Lightning strike inspection: a routine business for Lufthansa Technik
Inspecting an aircraft struck by lightning can take up to several hours depending on the aircraft size and visibility. When the personnel of Lufthansa Technik has located the entrance and exit marks of the lightning strike, stage two of the inspection procedure comes into effect. Parts with suspicious scorch marks are now looked at more closely, from the outside as well as from the inside. Burned off static dischargers are replaced with new ones. Rivets affected by lightning damage are examined with methods of non-destructive testing and replaced if necessary. Lightning damages in the airframe, the wings or the empennage normally never occur if these structures are made of aluminium. The use of composite materials like carbon-fibre reinforced plastics (CFRP) however, makes these parts more sensible to lightning strikes. The high temperatures generated by the electrical discharge can boil and melt the resins used in composite materials and hence weaken the structure. Aircraft types currently in development like the Boeing 787 or Airbus A350, who will feature a nearly all-composite fuselage, have therefore to be protected by special mesh of glass or metallic fibres to derive the electric energy from the airframe structure. The radome in the aircrafts nose is harder to protect, because a metallic mesh would cause interference in the weather radar underneath it. To avoid false readings in this systems the radome is protected with narrow metallic "lightning stripes– which are electrically connected to the fuselage structure to ensure a safe conduction. Moving parts like landing gear doors or high lift devices are also cable-connected to the airframe structure for this reason.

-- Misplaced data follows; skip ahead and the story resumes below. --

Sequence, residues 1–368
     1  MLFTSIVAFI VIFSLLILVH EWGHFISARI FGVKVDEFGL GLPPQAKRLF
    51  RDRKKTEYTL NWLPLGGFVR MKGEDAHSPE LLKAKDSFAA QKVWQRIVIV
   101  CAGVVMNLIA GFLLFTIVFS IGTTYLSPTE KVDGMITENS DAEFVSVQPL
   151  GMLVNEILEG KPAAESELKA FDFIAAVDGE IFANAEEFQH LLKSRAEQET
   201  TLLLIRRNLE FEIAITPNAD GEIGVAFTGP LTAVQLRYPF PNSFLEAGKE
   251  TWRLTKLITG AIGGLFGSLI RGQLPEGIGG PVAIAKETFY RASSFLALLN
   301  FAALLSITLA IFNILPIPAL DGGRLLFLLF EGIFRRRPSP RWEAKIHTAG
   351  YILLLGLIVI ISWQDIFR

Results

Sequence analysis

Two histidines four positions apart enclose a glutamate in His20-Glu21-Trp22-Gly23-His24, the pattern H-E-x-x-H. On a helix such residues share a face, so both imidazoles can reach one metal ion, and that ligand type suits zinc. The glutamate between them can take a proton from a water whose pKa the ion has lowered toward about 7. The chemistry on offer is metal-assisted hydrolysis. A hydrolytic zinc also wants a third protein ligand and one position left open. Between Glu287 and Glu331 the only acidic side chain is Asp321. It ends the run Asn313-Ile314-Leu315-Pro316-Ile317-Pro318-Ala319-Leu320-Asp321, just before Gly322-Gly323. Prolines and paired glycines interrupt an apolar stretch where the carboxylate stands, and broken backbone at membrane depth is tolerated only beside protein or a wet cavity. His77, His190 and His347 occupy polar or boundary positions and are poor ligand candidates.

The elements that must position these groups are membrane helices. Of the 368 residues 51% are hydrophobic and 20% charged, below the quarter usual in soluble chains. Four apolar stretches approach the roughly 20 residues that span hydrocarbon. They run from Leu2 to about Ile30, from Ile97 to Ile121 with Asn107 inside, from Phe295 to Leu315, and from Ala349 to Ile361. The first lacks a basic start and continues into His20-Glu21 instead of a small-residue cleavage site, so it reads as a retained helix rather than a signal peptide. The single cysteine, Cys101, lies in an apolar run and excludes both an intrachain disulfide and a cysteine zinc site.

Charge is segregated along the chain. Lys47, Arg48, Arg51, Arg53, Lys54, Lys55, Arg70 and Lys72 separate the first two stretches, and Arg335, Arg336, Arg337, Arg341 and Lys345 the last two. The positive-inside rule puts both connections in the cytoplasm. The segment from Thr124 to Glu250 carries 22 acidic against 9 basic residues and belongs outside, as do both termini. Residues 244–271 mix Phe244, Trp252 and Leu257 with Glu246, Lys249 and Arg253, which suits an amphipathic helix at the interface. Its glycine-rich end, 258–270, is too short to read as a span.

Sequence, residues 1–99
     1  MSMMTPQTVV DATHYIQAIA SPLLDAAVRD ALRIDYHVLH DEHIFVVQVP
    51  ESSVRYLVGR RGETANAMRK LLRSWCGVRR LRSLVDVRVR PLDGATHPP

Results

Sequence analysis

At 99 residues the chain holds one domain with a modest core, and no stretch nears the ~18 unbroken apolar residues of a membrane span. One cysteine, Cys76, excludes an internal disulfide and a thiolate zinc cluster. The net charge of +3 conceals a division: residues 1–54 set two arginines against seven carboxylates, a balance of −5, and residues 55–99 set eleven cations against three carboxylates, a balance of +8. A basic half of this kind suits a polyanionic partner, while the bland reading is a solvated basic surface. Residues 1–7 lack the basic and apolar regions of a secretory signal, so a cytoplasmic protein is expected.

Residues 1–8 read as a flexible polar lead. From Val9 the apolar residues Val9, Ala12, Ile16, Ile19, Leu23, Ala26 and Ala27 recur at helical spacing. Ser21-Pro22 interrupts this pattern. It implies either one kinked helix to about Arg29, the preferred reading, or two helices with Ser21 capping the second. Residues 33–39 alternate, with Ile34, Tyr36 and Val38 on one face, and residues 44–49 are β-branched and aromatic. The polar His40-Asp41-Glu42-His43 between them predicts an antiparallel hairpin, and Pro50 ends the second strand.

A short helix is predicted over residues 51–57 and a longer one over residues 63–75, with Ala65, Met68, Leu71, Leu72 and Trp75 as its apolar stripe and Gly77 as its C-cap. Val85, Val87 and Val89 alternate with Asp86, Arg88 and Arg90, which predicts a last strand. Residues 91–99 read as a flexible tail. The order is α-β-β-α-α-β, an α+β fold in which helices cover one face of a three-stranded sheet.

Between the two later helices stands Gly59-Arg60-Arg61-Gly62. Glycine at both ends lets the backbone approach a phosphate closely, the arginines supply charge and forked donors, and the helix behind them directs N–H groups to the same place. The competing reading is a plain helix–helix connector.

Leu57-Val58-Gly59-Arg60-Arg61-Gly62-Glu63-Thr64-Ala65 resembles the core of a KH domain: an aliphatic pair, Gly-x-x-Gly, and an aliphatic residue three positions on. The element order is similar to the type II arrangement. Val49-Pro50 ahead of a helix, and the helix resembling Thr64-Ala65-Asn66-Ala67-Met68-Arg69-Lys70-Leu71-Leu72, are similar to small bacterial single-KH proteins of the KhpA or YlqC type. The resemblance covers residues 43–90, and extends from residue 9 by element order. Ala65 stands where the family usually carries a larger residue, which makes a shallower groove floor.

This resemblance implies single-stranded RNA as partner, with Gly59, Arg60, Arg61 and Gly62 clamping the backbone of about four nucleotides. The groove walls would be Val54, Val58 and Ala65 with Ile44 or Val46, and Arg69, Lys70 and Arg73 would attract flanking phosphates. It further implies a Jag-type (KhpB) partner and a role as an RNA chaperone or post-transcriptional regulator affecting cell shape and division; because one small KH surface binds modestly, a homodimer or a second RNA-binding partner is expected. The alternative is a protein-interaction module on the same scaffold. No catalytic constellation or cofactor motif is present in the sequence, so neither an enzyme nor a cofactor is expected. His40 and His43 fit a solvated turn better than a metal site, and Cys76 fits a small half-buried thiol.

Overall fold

The structure of a commercial airplane is hence well protected against lightning strikes, even if the surface is wetted by rain. Much more problematic are water ingressions inside the airframe structure, which can lead to problems with aluminium as well as composite structures. The high energy of a lightning strike can evaporate the water within a split second which causes a sudden expansion that can in some cases damage the structure. But since commercial aircraft are regularly checked for water ingressions because of corrosion protection issues, such a case is highly unlikely. Another component in need of protection is the avionics equipment, comprising all electronic devices of the aircraft. Although its main parts are, like the passengers and the crew, protected by the airframe's Faraday cage, the avionics equipment can as well be affected by a lightning strike, for example through necessary external sources like antennas. All electronic devices on board are therefore protected by an overvoltage arrester and designed as redundant, so that in case of a malfunction a backup system will quickly take over. The protective systems successfully proved to be working: The personnel of Lufthansa Technik have, despite decades of experience, never discovered any damage to avionics components caused by a lightning strike. The safety of a modern commercial airliner is hence normally never be affected by such incidents. But to play it safe and to further ensure the operational safety, Lufthansa Technik always carries out the described inspections prior to the next flight after a lightning strike.